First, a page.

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Battle to roll out broadband hots up

21 мая 2009

With mobile subscriptions often exceeding the number of inhabitants in some Gulf countries, cash-rich, former monopolistic telecommunications operators are looking for a new revenue stream with growth potential.

Increasingly, their eyes are alighting on providing high-speed internet access – or broadband.

High-speed internet remains rare in the Gulf outside certain population pockets. A main problem for Arab households has been the cost: broadband and good-quality computers cost more in the Gulf than in many other markets, says Fouad Alaeddin, managing partner at Ernst & Young Middle East.

There has also been a cultural resistance to the internet in some parts of the region. Mr Alaeddin adds: “Many families worry that it could expose their children to unwanted influences.”

Telecoms providers have also had other priorities. Leading operators have focused on acquisitions of extra-regional operators or licences to expand, perhaps to the detriment of internet services, analysts say.

Telecoms companies also have to grapple with difficult decisions on whether to invest in physical infrastructure, such as extensive but expensive fibre optic cable networks, or wireless broadband.

“There are always question marks as to what is the best access technology to deliver broadband, and that is distracting investment,” says Victor Font, managing partner of Delta Partners, a telecoms advisory and private equity group.

“For most operators, returns on investment are more certain in the case of an acquisition of an operation in a new country than in betting what the new broadband access technology standard will be,” he says.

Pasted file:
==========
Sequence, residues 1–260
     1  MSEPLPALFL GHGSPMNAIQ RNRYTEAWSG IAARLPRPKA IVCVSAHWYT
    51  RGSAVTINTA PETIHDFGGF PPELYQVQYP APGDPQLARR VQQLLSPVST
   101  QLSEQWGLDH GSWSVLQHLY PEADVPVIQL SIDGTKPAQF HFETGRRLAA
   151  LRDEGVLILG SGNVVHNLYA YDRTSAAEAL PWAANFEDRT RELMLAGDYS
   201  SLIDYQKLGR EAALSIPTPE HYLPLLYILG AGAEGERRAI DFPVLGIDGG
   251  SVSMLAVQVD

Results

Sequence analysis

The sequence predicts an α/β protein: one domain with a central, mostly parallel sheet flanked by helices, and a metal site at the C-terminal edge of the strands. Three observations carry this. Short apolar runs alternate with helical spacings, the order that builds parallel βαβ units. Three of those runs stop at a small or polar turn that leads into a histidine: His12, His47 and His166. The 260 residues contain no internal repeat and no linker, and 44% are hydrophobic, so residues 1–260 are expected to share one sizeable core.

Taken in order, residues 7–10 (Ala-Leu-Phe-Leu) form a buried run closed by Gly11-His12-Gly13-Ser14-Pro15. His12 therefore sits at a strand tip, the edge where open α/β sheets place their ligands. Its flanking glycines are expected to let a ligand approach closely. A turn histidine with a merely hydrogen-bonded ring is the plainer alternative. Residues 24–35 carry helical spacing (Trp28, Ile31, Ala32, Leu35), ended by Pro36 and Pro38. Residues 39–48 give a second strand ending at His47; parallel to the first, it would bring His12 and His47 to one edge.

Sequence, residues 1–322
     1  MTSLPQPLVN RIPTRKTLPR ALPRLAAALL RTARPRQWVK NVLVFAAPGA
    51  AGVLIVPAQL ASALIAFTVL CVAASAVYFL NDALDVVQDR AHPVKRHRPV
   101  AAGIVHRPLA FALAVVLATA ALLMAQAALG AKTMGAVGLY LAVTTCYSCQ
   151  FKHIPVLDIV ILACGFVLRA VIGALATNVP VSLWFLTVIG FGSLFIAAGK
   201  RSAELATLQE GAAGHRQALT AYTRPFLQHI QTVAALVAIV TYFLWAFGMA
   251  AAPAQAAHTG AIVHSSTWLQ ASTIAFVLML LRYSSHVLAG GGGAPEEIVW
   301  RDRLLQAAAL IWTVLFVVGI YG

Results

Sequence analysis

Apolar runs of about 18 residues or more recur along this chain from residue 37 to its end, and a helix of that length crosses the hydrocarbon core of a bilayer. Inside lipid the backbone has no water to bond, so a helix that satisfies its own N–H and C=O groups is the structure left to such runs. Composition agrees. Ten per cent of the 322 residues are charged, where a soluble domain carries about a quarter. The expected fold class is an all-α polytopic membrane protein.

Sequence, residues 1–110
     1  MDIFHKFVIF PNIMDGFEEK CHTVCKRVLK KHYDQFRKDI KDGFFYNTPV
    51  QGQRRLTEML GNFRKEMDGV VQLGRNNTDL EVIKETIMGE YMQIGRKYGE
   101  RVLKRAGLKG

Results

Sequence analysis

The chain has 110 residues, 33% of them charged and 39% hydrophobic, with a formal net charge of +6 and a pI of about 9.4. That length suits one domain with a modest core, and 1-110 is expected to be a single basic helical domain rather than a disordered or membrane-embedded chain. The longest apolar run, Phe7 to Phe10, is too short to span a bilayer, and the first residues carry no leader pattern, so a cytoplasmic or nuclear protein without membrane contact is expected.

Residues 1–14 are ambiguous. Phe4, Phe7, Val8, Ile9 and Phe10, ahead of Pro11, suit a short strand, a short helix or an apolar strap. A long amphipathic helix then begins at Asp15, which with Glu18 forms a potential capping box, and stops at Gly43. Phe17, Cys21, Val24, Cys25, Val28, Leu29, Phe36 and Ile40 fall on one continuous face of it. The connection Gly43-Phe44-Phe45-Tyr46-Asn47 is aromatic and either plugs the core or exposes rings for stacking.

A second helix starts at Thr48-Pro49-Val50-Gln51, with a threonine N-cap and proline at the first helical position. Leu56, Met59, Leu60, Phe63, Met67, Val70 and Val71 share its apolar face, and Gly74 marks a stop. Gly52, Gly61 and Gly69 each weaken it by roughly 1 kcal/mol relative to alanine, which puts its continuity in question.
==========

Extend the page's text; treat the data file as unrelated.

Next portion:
But as the mobile phone market has become increasingly saturated, operators have shifted their attention over to internet services – both wired and wireless.

Etisalat, the United Arab Emirates’ largest telecoms provider, is rolling out fibre optic cables across the country, and hopes to have 90 per cent of UAE homes online by the end of 2011. It is also pushing 3G mobile internet in Saudi Arabia through its subsidiary Mobily.

Etisalat hopes to derive half its revenue from data in three years time, up from about 20 per cent today, Mohammed Omran, the company’s chairman, recently told the Financial Times.

Qatar Telecom, until recently the only telecoms provider in the gas-rich peninsula, says broadband penetration in Qatar exceeded 50 per cent of households for the first time in March.

But the operator plans to continue investing in broadband infrastructure, which it says is “an important social contribution to the nation [and ensures] that Qtel remains at the forefront of a technology set likely to deliver significant returns in the future”.

Until swifter technologies gain ground, WiMAX wireless broadband seems to have won through in the Gulf. Seven licences have been granted in the region, mostly to incumbent operators, in addition to four in Jordan.

But the well-established telecoms giants are not the only companies eyeing the potentially lucrative broadband sector, analysts say.

“For incumbents the broadband revolution is an opportunity to protect their dominant position in the market, [but] for newcomers leading broadband growth is an opportunity to establish a differentiated position in the market and generate very relevant returns,” says Mr Font.

The barriers to entry in wireless broadband are much lower than for other telephony and data services. It costs between $50m and $100m to set up a WiMAX network for a small town or area, and licences only cost about $15m, estimates Ernst & Young.

More competition in broadband services would not only cut costs for consumers, but also help many Gulf countries achieve their aim to become more knowledge-based economies.

Источник: Financial Times

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